Tension, an ill-fitting suit, and an ugly tie. I’d been out of work for over a year — laid off by the same software company in which I now stood — and here I was, back again, utterly desperate for work and praying that I could get hired back.

So as I waited for my interviewer stood in the fourth-floor reception area, which was always one of my favorite parts of the building. It has a high vaulted ceiling molded with a sloping silver sidewall, and a series of four vast, slanted windows that look out on Elliott Bay. I stared out at the view, drinking it in as I always do in that place, forgetting my nervousness for a moment.

The tall, professional-looking older woman sitting a few feet away closed a prospectus, rose, and turned to look out the windows for a moment as well. Soon, she turned. “It’s so beautiful…” I smiled, surprised, and turned to her, cocking my head. “I’m from out of town,” she explained. “I… didn’t realize people lived like this. I didn’t realize there were places like this.”

I nodded my head and smiled back: she understands! The beauty and soul of this city, its emerald and sapphire heart. “I understand. I love it here. There are few other places I would be willing to live.” The woman bowed ever so slightly, for an instant looking less than my mother’s age. “You are fortunate.”

And then my interviewer was there, and I left the beautiful view behind. I could not help but take the conversation as a good omen, a sign that I would see that view again soon.

I could write this to read like a cheeky piece of fiction, but I’m too spiritually exhausted to make with the art these days. Insert sighing sound here. We’re too old for that now, mate. The pier is right there, and no one would notice if we fell into the Sound and never came back.

Here it is: Microsoft’s young millionaire club wasn’t the only sector of society to get boned by the dot-bomb. I was working in Kent as a security guard for a company called “Webvan.” They had just built a multimillion dollar warehouse for their delivery business and contracted for one piddly security guard at a time. After a while, they couldn’t afford to finish building the thing. The construction guys went home, and the security guards lingered for a while. Months later I lost the job. Guess they sold the place.

That was the best job I’d ever had (eleven bucks an hour to sit on my sweet potato), so I was well set for a little while. I went to temp work on the off hope I’d get an actual office job and they’d keep me, but no one wants you if you can’t type over 45 wpm, and can’t lift over a hundred pounds per minute comfortably. It was shit.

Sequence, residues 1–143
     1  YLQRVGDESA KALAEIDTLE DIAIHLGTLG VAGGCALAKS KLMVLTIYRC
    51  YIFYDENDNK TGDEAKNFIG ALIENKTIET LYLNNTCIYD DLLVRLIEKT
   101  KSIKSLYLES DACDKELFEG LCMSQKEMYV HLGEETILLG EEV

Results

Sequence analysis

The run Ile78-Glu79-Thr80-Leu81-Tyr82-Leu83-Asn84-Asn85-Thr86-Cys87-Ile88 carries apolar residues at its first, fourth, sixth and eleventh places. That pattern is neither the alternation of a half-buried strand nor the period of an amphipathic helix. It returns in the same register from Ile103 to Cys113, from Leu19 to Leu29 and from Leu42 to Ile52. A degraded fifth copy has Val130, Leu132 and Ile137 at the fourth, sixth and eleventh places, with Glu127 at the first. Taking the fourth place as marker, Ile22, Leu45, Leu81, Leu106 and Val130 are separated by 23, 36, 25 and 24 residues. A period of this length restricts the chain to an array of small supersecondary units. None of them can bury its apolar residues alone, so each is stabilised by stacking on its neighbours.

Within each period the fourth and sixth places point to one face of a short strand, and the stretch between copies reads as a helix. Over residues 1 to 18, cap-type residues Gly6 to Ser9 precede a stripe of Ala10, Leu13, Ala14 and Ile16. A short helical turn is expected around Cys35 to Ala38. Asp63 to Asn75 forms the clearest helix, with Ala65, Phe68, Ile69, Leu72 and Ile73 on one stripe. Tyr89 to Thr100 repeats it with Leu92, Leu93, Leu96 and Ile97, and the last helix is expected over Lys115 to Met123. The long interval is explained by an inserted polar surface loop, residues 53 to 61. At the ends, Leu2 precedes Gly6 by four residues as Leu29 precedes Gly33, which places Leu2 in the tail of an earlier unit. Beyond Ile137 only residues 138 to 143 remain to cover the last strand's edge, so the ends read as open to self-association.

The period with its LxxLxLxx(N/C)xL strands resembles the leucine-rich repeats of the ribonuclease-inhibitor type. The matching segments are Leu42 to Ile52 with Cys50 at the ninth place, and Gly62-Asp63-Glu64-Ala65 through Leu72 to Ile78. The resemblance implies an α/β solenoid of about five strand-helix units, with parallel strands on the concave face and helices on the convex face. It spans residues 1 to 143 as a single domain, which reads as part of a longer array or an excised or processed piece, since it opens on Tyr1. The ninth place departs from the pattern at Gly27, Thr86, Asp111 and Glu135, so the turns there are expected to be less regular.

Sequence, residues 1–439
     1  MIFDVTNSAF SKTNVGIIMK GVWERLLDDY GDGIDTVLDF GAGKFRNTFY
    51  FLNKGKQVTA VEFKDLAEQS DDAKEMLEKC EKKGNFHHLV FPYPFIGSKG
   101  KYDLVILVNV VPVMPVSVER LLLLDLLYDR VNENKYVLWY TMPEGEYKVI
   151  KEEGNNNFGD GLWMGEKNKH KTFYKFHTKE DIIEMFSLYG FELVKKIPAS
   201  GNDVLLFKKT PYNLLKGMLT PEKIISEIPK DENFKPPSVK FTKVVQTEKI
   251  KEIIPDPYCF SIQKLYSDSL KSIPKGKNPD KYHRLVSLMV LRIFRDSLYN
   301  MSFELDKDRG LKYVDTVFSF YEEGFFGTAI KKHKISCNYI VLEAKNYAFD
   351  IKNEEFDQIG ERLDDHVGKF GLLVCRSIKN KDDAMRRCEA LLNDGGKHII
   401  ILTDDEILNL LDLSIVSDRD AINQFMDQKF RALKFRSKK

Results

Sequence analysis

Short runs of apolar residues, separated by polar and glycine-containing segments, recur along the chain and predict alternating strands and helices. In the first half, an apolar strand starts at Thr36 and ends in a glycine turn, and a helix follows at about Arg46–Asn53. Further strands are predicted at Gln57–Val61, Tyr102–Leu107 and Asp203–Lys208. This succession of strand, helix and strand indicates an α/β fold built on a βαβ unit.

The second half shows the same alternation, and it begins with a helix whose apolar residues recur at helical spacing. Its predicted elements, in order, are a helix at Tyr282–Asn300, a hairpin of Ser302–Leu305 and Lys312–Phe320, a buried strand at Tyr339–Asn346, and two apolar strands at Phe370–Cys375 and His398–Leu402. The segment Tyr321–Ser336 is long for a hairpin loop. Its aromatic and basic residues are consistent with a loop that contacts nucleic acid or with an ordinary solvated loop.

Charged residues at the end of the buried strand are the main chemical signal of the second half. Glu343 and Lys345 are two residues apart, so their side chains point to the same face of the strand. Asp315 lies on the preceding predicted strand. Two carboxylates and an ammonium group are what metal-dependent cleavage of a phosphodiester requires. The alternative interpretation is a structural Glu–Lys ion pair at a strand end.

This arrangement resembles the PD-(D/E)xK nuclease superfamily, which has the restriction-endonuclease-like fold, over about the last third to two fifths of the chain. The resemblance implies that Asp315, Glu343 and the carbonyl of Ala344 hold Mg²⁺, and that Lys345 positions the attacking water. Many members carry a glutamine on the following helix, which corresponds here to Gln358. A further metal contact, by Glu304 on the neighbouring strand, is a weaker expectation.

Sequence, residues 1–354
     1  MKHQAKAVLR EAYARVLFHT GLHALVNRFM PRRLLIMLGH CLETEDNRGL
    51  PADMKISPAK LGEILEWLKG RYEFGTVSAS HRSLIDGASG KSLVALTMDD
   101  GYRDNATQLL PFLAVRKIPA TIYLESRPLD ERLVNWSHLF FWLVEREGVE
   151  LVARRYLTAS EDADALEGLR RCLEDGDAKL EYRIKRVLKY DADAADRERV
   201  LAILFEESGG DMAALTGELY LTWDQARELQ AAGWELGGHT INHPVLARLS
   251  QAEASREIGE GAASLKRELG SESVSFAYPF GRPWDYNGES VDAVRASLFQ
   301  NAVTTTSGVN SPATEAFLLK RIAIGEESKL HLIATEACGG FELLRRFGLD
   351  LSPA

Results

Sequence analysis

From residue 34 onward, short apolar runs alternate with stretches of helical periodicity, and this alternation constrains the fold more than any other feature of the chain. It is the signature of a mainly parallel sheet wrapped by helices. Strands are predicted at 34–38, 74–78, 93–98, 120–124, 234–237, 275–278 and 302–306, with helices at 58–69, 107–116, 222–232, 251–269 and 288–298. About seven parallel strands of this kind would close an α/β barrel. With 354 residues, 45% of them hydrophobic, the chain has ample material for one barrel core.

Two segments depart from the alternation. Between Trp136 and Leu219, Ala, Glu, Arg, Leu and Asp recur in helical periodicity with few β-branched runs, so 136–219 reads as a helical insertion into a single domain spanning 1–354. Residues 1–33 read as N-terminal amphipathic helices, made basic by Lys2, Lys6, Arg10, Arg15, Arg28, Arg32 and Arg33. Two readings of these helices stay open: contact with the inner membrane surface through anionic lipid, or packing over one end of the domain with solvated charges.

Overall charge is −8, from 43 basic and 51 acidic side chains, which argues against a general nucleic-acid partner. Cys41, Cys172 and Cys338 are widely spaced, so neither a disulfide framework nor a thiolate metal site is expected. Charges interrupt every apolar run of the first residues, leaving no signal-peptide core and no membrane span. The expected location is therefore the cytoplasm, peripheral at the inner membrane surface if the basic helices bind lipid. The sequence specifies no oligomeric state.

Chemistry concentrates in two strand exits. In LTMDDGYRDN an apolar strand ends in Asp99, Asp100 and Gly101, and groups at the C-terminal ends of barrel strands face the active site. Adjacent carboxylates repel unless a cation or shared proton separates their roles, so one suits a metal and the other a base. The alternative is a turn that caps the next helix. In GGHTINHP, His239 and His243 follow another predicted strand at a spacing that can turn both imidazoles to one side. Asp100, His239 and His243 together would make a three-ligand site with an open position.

But that was south King County; this story is on the Seattle waterfront. My roommates were starting to disappear and get irresponsible, and I needed a real job, badly. The Art Institute of Seattle (the McDonald’s of commercial art education) cold-called me. Since I never bought anything on credit or through catalogs, a cold call was unusual, and I still don’t know where they got my name/address/phone number from.

I don’t remember exactly how the conversation went, but some mention was made of job placement, and I ended up making an impulse purchase as expensive as a top-o’-the-line luxury car: The Education- that mythical beast your childhood authority figures believed would guarantee “success.” Anyhow, they helped me find a job.

A dude I know always gets a chuckle out of the fact I was a “line cook” at a place called “the spaghetti factory.” That might bake your noodle if you’re as slow as me but think a second and you’ll get it. I don’t think it’s all that funny.

Most restaurants in Belltown seem to operate on a smaller scale than that place; it really was a factory, in a sense. They tried to make me feel nervous, but I was basically guaranteed a job when I signed up. I went through the training day BS in the basement with a dozen other people. That included taking the test for a Washington State Food Handler’s Permit, for which we each paid seven dollars. Then it was straight to the factory floor, and getting accustomed to fast and furious line cookin’.

The work was hard. The room was steamy as hell; forget about antiperspirant. The business was basically constant from start to finish. At least they respected the fact you really do need a half hour break, unlike most fast food employers. Then at the end of the night, you get to bust your ass in half scrubbing ovens and the like so you wouldn’t make it home till it was nearly morning. Bu then again, it IS a Seattle morning!